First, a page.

In May 2024 the Federal Court of Australia held that an insurer’s primary obligation to meet the costs of reinstatement of damaged insured property necessarily extends to the cost of remediating any further damage to the property which is relevantly connected to that primary obligation. This principle applies regardless of whether the insurer’s obligation is to reinstate or to pay the costs of reinstatement. It does not matter that the further damage resulting from the primary cause sustained to the property occurred following the conclusion of the period of policy cover. The insurer’s obligation to meet the cost of reinstatement attached during the policy period, and it does not matter that the obligation became more onerous after the end of the period of cover.

A radial stacker belonging to a coalmine, which conveys coal from a train onto a product stockpile, sustained substantial structural damage in a storm on 12 March 2019 during the policy period of their Industrial Special Risks Policy. The policy period ended on 30 April 2019. In September 2019 the insured entered into a contract for remediation works to the stacker. After repairs, the stacker collapsed on 27 October 2019 during a test to determine whether the repairs of the damage caused by the March 2019 storm event had been completed. The contract works were not concluded at the time of the October 2019 failure. The court held that the policy covered the cost of reinstatement, replacement or repair and for that reason the cover extended to damage happening in the course of the repairs.

Although there was an exclusion for damage “in the course of construction” that did not apply to damage resulting from the storm damage suffered for which the insurers were already subject to an obligation to indemnify the insured. The exclusion for “testing and commissioning” did not exclude cover where the damage occurred when the property which had been damaged by an insured peril was being tested so as to bring it back to working order as part of its repair.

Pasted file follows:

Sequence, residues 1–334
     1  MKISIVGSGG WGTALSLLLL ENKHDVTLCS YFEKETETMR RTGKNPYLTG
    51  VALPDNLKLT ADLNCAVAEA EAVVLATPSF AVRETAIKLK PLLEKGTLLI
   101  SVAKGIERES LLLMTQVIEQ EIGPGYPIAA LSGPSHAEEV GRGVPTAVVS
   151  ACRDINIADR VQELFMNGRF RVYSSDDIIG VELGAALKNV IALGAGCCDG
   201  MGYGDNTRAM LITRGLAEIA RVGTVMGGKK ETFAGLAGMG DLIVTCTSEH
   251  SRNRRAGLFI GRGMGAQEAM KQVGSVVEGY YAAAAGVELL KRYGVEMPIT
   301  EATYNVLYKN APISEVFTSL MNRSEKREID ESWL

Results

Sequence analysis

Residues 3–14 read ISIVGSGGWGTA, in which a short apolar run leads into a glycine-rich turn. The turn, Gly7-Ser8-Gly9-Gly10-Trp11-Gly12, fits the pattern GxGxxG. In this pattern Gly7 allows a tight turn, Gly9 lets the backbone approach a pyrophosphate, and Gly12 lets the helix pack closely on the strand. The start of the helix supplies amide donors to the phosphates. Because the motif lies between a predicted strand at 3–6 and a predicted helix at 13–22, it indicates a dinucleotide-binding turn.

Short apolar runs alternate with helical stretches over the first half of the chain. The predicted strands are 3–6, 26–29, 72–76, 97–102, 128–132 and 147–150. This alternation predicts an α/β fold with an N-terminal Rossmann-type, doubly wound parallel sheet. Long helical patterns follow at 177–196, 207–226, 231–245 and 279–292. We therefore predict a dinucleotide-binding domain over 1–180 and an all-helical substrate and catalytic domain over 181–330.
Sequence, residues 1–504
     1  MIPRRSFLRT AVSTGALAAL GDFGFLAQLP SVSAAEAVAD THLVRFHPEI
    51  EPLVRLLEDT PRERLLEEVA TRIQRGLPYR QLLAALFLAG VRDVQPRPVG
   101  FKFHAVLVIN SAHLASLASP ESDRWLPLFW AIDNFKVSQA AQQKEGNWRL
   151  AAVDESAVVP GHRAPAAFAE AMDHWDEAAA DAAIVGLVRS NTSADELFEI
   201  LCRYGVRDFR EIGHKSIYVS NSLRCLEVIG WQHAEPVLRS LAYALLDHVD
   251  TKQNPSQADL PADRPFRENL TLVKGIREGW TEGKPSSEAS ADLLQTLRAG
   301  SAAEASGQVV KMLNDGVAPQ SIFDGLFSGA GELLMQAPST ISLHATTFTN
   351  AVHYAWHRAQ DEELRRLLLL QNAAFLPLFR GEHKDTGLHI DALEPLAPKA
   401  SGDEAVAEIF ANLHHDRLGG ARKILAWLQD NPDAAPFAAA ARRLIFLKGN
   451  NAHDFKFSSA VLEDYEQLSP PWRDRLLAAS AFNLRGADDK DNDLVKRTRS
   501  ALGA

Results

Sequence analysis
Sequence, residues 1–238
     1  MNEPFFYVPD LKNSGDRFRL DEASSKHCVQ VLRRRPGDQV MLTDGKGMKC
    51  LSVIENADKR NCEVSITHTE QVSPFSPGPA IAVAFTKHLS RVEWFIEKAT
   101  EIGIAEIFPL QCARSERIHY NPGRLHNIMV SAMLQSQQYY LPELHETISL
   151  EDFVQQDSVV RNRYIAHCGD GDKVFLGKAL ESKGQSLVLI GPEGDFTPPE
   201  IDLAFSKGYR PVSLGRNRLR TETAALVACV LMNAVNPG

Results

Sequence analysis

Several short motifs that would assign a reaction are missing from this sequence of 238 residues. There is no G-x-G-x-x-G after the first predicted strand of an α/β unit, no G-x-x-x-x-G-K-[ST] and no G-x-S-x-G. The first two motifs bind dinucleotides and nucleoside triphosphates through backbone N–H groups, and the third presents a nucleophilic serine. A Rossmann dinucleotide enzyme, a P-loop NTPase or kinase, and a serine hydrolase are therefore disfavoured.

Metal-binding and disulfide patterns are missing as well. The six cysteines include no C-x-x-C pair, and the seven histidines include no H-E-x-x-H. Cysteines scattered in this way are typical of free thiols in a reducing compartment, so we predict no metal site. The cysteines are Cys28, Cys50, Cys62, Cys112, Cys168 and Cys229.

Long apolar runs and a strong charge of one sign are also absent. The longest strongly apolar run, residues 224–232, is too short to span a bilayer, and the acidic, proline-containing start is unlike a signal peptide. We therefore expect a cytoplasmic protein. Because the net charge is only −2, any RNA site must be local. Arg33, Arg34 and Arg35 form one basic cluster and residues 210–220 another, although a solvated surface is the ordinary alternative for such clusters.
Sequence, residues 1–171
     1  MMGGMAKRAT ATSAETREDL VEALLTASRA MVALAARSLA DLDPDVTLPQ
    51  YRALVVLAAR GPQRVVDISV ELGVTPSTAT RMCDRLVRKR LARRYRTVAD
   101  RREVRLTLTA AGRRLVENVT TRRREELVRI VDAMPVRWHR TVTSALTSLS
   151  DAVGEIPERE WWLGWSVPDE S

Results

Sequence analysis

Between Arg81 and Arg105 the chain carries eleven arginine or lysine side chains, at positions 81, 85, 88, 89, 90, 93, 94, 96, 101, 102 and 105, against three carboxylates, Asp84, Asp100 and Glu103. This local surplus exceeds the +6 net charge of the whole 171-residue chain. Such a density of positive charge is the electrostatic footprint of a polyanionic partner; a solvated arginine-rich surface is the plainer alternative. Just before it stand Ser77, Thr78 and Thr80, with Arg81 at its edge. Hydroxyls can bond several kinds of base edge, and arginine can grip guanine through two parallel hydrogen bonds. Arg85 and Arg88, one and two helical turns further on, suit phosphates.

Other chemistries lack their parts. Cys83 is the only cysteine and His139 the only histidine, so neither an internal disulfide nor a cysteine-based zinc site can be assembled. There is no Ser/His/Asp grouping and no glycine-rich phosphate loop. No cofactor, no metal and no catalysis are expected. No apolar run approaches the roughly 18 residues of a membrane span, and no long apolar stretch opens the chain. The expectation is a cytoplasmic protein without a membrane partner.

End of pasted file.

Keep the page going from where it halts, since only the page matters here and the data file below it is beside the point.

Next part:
On the evidence, the insurer was liable to meet the costs of reinstatement and of the secondary damage which was related to and connected with that primary obligation.

A similar conclusion would be reached in South Africa under similar policy wording but the connection between the primary obligation and the subsequent damage would depend on there being an unbroken chain of causation. If some new intervening peril results in the subsequent damage unconnected with the original obligation, no duty to indemnify the subsequent damage would arise.

[Baralaba Coal Company v AAI trading as Vero Insurance [2024] FCA 532]

Baralaba Coal Company Pty Ltd v AAI Ltd trading as Vero Insurance [2024] FCA 532